An Integrated Library Package (*.LibPkg) is a type of SOLIDWORKS PCB project which is used, not to layout a pcb, but to gather together schematic symbols and pcb footprints in order to produce an integrated library.
Schematic symbols are drawn in the Schematic Library Editor, and model references/links defined for each, along with any parametric information. These are stored across one or more schematic library files. Referenced models can include PCB 2D/3D component models, circuit simulation models, and signal integrity models.
Although you can include both the schematic and pcb libraries in the package, the only document that MUST be added to the integrated library package is the schematic library (or libraries). The files containing PCB 2D/3D component models and simulation models/sub-circuits can be located in any valid search location – within the project, within files in the Installed Libraries list, or down the search path(s) specified for the package.
So why use an integrated library, instead of just maintaining the separate schematic and pcb footprint libraries?
The key benefits of compiling into an integrated library are:
- All component information is available in a single, portable file – since all models are packaged into the integrated library, only one file needs to be available to the project or moved when the project is relocated. This portability is priceless if you divide your work among different workstations or want to share your designs with others.
- If a component is placed onto a design schematic from an integrated library, Altium Designer is guaranteed to find the right model if it can simply locate the integrated library it came from – no juggling of separated library and model files, where model links can prove very ‘brittle’, and easily broken by everyday management tasks such as renaming folders on a hard drive.
- From a security perspective, integrated libraries are solid – once they’re generated, there’s no changing them. In fact, to update an integrated library really means to replace it altogether – you must purposefully pull up the original library package, update the source documents, then recompile.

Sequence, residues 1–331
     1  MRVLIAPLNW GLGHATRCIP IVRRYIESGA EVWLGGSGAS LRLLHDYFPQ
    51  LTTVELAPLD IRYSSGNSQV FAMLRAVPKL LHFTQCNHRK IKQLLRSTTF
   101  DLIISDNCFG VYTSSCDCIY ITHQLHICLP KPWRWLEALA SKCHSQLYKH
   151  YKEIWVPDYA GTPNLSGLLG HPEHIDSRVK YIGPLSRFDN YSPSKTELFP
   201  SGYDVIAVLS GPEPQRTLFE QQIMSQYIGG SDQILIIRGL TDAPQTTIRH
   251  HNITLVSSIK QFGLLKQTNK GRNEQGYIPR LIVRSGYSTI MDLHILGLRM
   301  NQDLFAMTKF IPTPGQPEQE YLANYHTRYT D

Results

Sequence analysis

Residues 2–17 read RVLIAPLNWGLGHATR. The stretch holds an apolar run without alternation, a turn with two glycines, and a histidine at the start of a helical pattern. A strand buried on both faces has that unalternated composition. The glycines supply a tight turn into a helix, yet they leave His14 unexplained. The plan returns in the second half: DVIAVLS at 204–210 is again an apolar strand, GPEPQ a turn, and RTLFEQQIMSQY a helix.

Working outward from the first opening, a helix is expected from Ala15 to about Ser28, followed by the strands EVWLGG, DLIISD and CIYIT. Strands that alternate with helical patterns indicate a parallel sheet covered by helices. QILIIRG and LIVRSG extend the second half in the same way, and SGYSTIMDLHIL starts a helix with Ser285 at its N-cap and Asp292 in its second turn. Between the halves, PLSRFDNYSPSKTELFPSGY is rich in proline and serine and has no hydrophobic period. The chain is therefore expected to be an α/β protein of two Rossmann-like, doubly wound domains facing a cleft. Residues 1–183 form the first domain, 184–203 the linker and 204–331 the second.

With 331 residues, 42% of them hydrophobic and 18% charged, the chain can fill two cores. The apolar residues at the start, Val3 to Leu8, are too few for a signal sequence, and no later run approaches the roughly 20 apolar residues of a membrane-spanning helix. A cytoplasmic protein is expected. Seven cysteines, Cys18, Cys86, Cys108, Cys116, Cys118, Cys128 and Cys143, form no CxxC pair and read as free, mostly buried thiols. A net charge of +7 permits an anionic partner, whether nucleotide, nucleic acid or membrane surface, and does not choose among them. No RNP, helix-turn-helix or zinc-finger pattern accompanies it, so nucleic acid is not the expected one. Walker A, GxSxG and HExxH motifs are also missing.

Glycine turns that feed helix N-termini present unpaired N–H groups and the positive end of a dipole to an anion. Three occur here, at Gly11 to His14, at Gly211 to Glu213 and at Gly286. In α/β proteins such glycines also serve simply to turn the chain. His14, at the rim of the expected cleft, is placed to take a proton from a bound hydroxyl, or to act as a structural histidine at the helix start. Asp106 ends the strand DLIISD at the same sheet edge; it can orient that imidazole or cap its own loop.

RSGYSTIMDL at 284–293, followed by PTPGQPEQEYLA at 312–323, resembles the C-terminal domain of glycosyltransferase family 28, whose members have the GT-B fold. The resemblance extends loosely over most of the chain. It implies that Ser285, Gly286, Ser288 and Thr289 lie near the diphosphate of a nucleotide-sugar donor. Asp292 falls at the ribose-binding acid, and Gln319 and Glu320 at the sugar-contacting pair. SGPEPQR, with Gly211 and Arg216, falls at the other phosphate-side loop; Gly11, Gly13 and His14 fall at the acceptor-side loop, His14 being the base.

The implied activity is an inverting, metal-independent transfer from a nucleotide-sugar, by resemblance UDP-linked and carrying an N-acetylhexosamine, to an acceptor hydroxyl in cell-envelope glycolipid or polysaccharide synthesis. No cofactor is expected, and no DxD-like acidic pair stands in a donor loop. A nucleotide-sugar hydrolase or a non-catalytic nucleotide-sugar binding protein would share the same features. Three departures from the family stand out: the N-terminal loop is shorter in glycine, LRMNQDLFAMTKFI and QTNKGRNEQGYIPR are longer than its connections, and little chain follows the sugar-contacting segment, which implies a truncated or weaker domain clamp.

To get started on an integrated library, in SOLIDWORKS PCB choose File >> New Integrated Library. This will create a new Integrated Library Package project. Right click on the project name in the document panel, and select Add New to Project >> Schematic Library. Repeat for PCB Library. If you have schematic or PCB libraries already made, you can ‘add existing’ rather than ‘add new’.
Once you have the individual libraries completed with your symbols and footprints, and have linked them together in the properties of each schematic symbol, you are ready to create the integrated library.
Right click on the package name in the project document panel, and select “Compile Integrated Library <intlibname.libpkg>.” This checks the individual libraries for integrity. That means they are not only checked for availability, but for correct pin mappings. Even if you want to stay with discrete library files, it is recommended to compile your schematic libraries in an integrated library package, if only to ensure that the source components will map correctly to the target models.
When the compile is complete (and it doesn’t take long at all), then you will have an integrated library file, but unfortunately it doesn’t give you any prompt that tells you where it is.
Navigate in windows explorer to the folder where you saved the Library Package project. There should be an Outputs folder, inside of which is a *.IntLib file with the name of your library package. You are free to move this file wherever you would like on your computer or the network, and install that file to SOLIDWORKS PCB so that it is available in all projects.
Brian Cooke is an Electrical Application Engineer at Computer Aided Technology, a SOLIDWORKS Value Added Reseller with locations throughout the United States. He is a regular contributor to the Computer Aided Technology Blog.